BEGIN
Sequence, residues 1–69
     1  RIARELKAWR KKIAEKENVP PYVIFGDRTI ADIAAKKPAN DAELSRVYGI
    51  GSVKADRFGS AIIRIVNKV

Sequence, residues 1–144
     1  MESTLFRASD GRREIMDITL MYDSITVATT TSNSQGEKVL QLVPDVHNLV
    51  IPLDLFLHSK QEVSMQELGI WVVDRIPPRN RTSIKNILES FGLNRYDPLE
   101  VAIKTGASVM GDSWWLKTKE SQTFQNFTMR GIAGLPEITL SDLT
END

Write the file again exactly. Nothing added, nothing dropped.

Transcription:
Sequence, residues 1–69
     1  RIARELKAWR KKIAEKENVP PYVIFGDRTI ADIAAKKPAN DAELSRVYGI
    51  GSVKADRFGS AIIRIVNKV

Sequence, residues 1–144
     1  MESTLFRASD GRREIMDITL MYDSITVATT TSNSQGEKVL QLVPDVHNLV
    51  IPLDLFLHSK QEVSMQELGI WVVDRIPPRN RTSIKNILES FGLNRYDPLE
   101  VAIKTGASVM GDSWWLKTKE SQTFQNFTMR GIAGLPEITL SDLT